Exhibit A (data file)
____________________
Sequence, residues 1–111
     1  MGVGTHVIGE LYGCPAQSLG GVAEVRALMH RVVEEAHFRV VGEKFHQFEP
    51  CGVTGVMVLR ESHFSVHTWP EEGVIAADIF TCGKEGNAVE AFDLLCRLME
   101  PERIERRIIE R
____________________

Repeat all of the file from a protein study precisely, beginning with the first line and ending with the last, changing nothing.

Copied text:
Sequence, residues 1–111
     1  MGVGTHVIGE LYGCPAQSLG GVAEVRALMH RVVEEAHFRV VGEKFHQFEP
    51  CGVTGVMVLR ESHFSVHTWP EEGVIAADIF TCGKEGNAVE AFDLLCRLME
   101  PERIERRIIE R